Percentage cover values from vegetation surveys were used to calculate community-weighted mean trait values for each plot CWM, [ 47 ]. The traits used are related to the worldwide leaf economics spectrum [ 3248 ], reflecting a gradient from plants with fast resource use and nutrient turnover to those with slow and persistent growth. The former are characterized by soft tissues with high nitrogen content and are generally preferred by herbivores, due to their easier digestion and higher nutritional value [ 32 ].

All data were collected on the same plots within a common time frame to avoid confounding effects of spatial and temporal variability. To quantify nectar and fruit availability on the plots, pollination and dispersal syndromes were extracted from the Flora of Tropical East Africa [ 49 ]. Nectar availability is difficult to quantify, as nectar amounts per flower, flowering times, and the proportion of tissue invested in flowers are highly variable between species.

This resource was approximated by the abundance-weighted proportion of insect-pollinated plant species. To assess food resources for frugivorous birds, average fruit numbers per individual plant sampled in the field fnaverage fruit size fsfruiting frequency ffand relative abundance ra were used to calculate the bird-dispersed fruit CWM bdc according to the following formula: Birds were observed through point counts, both in the dry and wet season to include temporal variation see [ 50 ] for methodology.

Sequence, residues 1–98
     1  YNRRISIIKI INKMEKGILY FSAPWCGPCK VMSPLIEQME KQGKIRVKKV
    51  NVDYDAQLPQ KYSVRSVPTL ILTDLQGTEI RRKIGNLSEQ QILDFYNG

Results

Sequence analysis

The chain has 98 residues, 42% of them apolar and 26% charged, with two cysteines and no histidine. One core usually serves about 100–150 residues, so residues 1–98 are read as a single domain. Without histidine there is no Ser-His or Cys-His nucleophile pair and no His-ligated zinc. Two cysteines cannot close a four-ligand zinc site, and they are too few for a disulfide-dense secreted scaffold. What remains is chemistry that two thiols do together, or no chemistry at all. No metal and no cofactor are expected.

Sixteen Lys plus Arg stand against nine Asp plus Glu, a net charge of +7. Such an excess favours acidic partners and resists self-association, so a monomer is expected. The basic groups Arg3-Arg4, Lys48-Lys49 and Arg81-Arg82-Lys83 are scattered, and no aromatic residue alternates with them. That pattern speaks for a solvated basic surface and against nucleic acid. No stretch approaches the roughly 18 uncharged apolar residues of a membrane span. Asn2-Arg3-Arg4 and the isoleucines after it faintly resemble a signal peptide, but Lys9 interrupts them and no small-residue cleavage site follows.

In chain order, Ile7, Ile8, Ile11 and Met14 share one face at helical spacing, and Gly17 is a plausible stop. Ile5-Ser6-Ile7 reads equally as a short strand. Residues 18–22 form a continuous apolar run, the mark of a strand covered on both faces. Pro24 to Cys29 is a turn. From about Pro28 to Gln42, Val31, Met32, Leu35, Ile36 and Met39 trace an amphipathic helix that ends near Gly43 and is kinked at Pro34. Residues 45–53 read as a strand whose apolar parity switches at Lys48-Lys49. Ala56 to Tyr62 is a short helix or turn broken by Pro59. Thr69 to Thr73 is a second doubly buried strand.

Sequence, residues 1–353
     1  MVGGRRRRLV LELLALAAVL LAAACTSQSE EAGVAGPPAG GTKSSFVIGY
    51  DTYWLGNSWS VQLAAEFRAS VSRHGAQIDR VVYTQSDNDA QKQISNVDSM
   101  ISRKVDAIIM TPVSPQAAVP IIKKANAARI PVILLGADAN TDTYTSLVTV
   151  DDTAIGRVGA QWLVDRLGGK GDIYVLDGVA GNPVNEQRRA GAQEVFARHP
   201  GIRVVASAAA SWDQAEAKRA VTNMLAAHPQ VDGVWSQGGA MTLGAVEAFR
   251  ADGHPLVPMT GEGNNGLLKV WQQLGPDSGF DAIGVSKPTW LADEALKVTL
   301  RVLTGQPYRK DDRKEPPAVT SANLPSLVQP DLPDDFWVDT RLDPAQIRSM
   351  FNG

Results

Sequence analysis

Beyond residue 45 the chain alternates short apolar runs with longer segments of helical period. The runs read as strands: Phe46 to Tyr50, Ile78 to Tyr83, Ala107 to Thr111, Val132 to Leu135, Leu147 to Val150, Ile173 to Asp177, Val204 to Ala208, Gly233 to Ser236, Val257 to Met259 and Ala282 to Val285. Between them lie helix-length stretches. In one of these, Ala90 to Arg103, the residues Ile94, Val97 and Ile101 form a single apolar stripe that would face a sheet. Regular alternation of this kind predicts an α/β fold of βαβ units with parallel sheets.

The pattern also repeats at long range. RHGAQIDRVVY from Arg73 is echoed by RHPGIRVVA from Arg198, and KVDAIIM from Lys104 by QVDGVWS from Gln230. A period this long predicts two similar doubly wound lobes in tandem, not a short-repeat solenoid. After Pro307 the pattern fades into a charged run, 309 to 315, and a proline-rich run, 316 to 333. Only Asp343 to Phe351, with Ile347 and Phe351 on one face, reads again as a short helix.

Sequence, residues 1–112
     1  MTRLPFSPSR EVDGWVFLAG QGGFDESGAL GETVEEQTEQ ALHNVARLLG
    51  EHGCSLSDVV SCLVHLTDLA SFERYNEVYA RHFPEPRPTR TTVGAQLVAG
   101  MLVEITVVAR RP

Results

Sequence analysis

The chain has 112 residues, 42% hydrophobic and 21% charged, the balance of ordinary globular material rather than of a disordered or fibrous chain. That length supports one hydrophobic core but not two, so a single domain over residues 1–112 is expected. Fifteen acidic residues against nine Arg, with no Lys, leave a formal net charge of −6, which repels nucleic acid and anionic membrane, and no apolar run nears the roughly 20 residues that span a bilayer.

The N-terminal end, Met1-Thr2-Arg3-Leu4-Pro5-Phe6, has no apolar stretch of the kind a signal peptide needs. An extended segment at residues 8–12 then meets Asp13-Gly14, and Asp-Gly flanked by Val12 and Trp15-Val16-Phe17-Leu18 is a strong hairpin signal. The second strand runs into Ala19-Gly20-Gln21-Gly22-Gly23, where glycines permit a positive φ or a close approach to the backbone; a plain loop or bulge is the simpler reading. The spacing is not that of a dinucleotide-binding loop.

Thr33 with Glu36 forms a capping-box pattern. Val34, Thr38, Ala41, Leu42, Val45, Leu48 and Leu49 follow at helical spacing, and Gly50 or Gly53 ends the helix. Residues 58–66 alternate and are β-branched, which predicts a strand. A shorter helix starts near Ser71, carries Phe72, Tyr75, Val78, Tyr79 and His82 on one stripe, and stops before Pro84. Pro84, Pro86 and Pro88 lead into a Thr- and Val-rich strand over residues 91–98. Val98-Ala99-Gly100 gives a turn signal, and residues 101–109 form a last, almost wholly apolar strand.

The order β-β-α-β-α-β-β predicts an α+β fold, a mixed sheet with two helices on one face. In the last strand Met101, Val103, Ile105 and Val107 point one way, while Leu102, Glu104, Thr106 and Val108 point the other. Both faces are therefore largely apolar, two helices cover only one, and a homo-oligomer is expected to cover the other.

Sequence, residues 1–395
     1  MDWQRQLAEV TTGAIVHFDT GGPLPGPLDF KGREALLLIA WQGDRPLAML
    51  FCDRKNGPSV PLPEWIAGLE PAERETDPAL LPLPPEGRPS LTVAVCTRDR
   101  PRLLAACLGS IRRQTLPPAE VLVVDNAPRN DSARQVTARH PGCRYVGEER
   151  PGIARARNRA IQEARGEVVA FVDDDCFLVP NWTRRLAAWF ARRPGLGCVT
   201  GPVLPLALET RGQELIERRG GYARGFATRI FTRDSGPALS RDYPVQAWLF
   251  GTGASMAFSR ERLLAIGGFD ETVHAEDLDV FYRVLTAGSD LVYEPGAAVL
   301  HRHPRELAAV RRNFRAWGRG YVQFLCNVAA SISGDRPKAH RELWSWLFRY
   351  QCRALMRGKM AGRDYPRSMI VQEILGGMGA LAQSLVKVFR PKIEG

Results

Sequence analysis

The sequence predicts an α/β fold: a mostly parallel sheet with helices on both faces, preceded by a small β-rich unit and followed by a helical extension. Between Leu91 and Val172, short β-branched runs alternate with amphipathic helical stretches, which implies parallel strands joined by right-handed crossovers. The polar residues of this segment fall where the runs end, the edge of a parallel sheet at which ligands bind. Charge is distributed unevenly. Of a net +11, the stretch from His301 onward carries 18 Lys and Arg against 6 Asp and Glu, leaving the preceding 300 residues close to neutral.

Bees were sampled with pan traps on the forest floor and in the canopy of woody vegetation.

Importance of Plants & Animals in Human Life | Sciencing

Sampling was repeated several times to account for temporal variation see [ 44 ]. Moths were caught with an automatic light trap with a superactinic light tube 6 watt, Fritz Weber Entomologiebedarf, Stuttgart, Germany as light source.

This was repeated in dry and wet seasons. Body mass of birds was derived from Dunning Jr [ 51 ] and used as a proxy for body size [ 52 ].

How Do Plants & Animals Depend on Each Other?

Within animal groups of similar body structure, body length and size are highly correlated [ 53 ]. For bees, body size was approximated by the highly correlated intertegular distance ITD, [ 54 ]. Moth body length was measured using a binocular Leica stereomicroscope with a calibrated ocular micrometer.

As with plant traits, animal body size was weighted by species abundance, yielding a body size CWM for each taxon or guild, to avoid giving rare species the same weighting as abundant ones [ 21 ].

plants and their relationship with animals

A permanent change in the ecosystem could cause an organism to become an endangered species. Human needs and the environment The environment is impacted by humans. When human needs impact the environment, the result can be beneficial or detrimental. Humans use parts of other organisms for food and clothing. Some animals are used as pets for humans for enjoyment or protection. Animals can be used for asistance when compensating for disabilities and to perform work or provide recreation.

Humans can control and alter the environment.

Plant/Animal Relationships

Farming by humans increases the amount of food by encouraging plants to grow by cultivation. Humans can also control the environment to compensate for disabilities. Humans can permanently damage the environment.